Feb 29, 2012

Have We Made Children's Ministry Too Feminine?

It's a glaring reality that there are a lot more women in Children's Ministry than men.  Why?

Is it because we have made Children's Ministry too feminine?  We give away "tote bags" to new volunteers...use feminine colors...create training activities geared toward women...ask men to stand in a circle and hold hands...and then wonder why they don't want to be a part of Children's Ministry.

It's time we "man up" Children's Ministry. 
  • Intentionally go after men to volunteer.  Go where men are... Men's Ministry...men's Bible classes and groups...Fathers. 
  • Show men the impact they can have serving in Children's Ministry.  They don't want to "babysit."  They want to be a part of something they see as significant.  Show them the difference they can make in the lives of boys who desperately need a strong male role model.
  • Place men in some of your key volunteer leadership roles.  Get men involved in your decision making processes, ask for their insight from a male perspective, have them lead other men, etc. 
  • Remember men attract men.  Ask the men that are serving to help enlist other men to serve. 
  • Hire men on your Children's Ministry staff.  If you have multiple staff members on your Children's Ministry team, make sure some of them are men. 
  • Provide men with strong leadership.  Men are attracted to strong leaders. 
  • Don't force men into training activities or situations where they don't feel comfortable.  Keep them in mind when you are putting together training activities, prayer times, etc.  Is the activity something a man will look at as "too feminine?" 
  • Make sure your colors aren't too feminine.  If you give your volunteers a shirt to wear when they are serving, make sure it's a color the average guy will be comfortable in.  When you are decorating for a training event, you might consider not putting out the lacy table cloth and pretty flowers. 
What are your thoughts?  Do you believe we've made Children's Ministry too feminine?  What can we do to change this perception?  What can we do to get more men involved?  Leave your thoughts in the comment section below.


    Another great post! I agree with most of what you wrote, but as a male Children's Pastor, I would push back a bit against the fear of asking men to do anything that might be considered too feminine. I would hate to have a double standard on what we expect men to participate in and what we expect women to. Example: Prayer on Sunday morning includes holding hands in a circle and it has actually served as an excellent team building time (that includes about 40% men on any given Sunday).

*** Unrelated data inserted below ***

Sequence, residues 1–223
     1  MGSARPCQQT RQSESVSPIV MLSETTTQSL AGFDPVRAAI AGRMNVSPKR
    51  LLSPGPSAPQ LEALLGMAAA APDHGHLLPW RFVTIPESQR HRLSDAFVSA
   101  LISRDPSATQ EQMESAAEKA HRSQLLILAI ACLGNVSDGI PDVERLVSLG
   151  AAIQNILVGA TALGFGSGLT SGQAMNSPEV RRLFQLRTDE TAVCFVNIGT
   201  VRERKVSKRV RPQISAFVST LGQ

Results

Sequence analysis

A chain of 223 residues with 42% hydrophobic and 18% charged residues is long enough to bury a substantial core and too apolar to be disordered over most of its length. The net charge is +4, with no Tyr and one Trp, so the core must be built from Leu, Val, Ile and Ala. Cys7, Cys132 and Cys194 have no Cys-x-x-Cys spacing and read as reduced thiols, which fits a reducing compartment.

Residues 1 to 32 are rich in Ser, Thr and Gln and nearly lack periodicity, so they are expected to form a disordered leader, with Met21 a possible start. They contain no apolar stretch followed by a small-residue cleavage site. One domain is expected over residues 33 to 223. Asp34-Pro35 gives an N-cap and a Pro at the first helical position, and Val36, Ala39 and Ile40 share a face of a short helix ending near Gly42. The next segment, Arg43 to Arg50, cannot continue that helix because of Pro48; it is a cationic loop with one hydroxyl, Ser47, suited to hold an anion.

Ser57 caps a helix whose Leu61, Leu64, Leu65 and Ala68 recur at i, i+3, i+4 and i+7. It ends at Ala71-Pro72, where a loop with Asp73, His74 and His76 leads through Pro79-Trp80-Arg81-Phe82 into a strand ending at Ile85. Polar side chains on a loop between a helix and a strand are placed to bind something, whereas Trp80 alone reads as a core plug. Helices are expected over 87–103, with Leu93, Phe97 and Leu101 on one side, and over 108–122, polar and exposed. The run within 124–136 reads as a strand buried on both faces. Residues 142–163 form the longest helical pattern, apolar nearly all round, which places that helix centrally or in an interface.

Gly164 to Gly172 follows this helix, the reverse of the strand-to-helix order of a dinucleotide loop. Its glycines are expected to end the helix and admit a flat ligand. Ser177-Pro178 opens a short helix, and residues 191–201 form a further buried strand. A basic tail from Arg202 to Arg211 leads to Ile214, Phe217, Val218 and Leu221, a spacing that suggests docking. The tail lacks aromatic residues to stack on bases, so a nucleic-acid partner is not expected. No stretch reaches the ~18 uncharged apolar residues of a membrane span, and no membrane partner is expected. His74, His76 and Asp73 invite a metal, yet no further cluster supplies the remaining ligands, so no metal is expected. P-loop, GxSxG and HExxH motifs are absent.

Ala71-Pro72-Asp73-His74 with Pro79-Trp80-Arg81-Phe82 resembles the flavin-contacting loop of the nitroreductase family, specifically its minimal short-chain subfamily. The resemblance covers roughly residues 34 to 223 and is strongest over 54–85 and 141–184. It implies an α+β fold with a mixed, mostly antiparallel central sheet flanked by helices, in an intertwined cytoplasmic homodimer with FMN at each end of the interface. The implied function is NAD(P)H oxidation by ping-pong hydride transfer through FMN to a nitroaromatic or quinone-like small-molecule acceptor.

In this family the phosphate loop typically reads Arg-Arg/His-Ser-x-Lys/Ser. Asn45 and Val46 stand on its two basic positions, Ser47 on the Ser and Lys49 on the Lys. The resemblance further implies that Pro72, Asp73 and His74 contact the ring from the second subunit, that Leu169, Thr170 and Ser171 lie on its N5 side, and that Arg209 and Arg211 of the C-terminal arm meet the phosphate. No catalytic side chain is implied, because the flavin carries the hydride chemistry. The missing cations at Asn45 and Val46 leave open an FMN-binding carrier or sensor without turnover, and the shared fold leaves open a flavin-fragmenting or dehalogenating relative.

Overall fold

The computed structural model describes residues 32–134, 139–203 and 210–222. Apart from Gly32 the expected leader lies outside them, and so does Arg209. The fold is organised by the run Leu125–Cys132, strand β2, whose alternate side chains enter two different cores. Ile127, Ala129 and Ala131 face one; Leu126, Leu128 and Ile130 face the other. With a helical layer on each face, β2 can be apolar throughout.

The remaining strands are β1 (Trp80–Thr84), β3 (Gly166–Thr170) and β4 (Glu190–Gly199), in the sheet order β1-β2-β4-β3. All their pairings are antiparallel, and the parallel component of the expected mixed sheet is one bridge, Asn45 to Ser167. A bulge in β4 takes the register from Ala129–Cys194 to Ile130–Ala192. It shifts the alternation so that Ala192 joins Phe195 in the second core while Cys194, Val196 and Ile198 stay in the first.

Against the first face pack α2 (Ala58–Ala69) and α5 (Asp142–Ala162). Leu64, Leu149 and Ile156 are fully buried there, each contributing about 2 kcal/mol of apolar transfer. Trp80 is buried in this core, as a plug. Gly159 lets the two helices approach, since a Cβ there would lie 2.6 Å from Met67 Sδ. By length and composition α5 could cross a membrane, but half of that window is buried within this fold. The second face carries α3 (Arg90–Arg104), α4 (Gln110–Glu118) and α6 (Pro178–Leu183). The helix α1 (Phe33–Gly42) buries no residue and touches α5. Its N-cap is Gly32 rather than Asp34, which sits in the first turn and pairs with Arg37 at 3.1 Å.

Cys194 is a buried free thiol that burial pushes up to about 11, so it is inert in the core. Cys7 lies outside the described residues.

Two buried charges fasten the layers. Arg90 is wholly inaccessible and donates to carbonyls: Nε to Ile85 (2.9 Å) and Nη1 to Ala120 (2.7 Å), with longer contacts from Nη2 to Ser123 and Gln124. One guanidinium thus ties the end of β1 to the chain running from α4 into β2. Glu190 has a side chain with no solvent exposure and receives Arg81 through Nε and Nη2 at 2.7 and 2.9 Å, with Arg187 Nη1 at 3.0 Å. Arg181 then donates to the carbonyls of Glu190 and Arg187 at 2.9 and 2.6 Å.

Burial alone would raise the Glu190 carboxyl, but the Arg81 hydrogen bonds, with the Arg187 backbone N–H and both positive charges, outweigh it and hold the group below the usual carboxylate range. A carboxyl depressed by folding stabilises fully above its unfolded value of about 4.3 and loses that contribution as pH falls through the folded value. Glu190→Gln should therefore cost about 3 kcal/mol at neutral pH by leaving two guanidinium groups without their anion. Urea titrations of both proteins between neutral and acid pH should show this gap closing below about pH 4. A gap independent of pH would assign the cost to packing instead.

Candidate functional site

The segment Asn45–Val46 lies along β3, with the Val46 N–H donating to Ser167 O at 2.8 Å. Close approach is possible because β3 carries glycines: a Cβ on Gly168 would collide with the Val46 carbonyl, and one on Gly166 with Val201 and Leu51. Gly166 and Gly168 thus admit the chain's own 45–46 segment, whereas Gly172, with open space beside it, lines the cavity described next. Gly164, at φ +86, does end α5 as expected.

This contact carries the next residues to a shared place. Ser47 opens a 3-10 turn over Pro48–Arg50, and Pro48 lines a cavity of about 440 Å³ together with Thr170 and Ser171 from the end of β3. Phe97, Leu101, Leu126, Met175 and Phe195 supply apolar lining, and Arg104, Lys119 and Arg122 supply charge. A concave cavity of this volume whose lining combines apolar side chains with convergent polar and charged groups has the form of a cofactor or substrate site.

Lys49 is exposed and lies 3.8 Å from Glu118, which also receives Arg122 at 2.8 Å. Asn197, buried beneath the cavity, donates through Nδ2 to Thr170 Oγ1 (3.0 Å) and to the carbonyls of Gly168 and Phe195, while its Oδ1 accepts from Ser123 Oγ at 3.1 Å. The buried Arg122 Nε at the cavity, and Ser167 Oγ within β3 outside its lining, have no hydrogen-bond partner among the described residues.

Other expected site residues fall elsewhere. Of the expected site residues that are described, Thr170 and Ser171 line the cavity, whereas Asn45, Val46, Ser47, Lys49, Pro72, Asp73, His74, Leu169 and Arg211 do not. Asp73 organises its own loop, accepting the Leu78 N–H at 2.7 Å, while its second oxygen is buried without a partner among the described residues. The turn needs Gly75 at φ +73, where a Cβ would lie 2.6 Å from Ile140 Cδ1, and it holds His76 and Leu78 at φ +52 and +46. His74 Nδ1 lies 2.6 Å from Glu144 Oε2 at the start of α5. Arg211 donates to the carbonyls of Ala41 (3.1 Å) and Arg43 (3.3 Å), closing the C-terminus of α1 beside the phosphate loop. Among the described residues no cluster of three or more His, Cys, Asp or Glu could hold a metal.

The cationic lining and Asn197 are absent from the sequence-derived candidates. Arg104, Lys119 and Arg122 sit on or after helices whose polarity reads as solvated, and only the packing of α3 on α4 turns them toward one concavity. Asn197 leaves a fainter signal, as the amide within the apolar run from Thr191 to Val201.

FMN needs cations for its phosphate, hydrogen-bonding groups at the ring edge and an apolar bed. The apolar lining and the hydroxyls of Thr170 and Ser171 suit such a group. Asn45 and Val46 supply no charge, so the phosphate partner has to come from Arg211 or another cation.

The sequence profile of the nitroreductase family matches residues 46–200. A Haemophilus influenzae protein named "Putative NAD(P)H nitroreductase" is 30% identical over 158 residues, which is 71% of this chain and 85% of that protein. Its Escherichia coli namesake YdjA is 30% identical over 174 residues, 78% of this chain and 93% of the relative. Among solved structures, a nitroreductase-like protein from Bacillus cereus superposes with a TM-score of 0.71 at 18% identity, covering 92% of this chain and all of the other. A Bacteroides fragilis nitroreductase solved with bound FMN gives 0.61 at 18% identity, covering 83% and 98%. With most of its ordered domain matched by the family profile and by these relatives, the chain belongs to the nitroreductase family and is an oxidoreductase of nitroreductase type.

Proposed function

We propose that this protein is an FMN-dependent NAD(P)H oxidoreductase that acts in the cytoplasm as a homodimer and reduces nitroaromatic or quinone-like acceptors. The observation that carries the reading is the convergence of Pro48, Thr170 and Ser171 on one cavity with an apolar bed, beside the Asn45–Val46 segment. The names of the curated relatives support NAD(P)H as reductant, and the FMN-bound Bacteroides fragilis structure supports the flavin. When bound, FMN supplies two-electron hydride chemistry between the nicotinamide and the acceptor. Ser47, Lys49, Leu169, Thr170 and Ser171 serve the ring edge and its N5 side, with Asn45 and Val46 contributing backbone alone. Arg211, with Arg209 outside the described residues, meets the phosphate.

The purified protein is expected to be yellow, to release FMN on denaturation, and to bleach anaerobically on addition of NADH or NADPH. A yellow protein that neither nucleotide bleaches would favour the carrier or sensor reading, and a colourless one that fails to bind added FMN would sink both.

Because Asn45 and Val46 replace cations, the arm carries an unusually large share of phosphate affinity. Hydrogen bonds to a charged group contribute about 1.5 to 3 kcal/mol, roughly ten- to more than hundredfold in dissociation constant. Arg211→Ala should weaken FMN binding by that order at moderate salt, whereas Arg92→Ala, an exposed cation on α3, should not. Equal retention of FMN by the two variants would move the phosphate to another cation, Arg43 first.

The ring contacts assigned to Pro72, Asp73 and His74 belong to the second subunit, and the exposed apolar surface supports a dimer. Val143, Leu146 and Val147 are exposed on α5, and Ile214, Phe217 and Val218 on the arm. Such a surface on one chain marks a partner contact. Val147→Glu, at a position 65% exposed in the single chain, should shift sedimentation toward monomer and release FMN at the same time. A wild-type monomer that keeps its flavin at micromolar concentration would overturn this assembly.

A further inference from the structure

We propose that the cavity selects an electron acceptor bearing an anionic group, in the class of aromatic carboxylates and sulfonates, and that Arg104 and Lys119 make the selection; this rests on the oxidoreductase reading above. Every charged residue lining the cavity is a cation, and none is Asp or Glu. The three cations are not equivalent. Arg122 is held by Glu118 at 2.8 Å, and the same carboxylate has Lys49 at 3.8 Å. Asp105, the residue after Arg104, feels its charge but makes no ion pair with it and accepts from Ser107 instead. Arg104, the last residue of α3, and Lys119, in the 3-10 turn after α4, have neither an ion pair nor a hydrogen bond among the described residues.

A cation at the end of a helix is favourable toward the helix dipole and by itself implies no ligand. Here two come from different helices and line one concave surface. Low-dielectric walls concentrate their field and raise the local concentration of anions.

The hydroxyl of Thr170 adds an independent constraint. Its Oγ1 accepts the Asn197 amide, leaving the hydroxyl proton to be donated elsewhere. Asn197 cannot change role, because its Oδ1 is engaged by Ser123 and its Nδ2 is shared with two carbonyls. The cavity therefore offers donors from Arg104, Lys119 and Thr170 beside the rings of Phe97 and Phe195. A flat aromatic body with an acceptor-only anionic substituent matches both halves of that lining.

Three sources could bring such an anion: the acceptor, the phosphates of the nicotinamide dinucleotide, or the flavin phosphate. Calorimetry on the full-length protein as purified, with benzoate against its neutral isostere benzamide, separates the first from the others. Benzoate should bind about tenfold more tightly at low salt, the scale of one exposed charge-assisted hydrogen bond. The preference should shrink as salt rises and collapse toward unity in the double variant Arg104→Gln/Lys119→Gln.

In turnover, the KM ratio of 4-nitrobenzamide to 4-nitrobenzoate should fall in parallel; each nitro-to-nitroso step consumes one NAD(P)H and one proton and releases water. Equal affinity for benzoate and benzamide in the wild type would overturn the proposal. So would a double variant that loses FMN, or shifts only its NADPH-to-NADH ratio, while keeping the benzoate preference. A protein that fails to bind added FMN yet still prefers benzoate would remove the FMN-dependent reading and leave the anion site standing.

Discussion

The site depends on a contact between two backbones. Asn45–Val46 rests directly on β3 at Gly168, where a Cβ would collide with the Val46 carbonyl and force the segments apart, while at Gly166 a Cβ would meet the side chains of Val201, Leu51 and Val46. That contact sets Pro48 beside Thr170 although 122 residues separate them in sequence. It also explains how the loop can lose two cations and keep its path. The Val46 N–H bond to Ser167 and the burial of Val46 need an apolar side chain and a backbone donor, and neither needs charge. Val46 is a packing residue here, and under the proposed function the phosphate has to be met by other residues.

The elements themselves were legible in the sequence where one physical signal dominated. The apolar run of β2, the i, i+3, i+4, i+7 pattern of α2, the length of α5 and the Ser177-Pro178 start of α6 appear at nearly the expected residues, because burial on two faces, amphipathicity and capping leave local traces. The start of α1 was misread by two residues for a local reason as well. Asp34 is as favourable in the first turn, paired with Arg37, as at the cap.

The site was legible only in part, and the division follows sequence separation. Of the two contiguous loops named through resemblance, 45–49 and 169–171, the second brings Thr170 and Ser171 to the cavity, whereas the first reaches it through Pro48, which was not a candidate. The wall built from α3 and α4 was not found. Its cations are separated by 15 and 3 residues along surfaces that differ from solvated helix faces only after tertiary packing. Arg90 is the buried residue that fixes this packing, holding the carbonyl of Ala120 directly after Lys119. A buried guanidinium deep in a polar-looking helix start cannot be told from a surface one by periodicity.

When I was a children's pastor, I was always thankful for how many men we had serving -- especially in elementary age. This is a great post.

    I couldn't agree more Dale! Now more than ever, kids need good male role models in their life.

    Agree with the "great role models" comment. Awesome and bold post. I would like to know how the ladies who are currently in children's ministry positions feel (speaking of feminine)? They have filled the gap so many times, I know I wouldn't be the male leader I am without those ladies! We thankfully have seen a slow steady trend to more men in service and the classroom atmosphere is certainly more respectful to the teacher and controlled with a male in the room.

    (Speaking from a lady's point of view:) Your post got me thinking just how blessed I have been to be part of children's ministries where both the men and women volunteer. Often, husband and wife will join in together, which I think is great.

    You are so right on in mentioning the importance of male role models for the children. They need us both, male and female.

    As far as children's ministry being made too feminine, could that be a result (as opposed to a cause)of women being the main volunteers in some churches? You make some good points. I do have to agree with Pastor Stafford G, however, about holding hands in prayer. I have been in many prayer groups where a man has initiated the suggestion, and I believe it only strengthens the sense of Christian unity in a group.

    Men need to know that they are needed when it comes to leading children, too. If you have any doubt, just look to Jesus, the greatest Man who ever lived! :)

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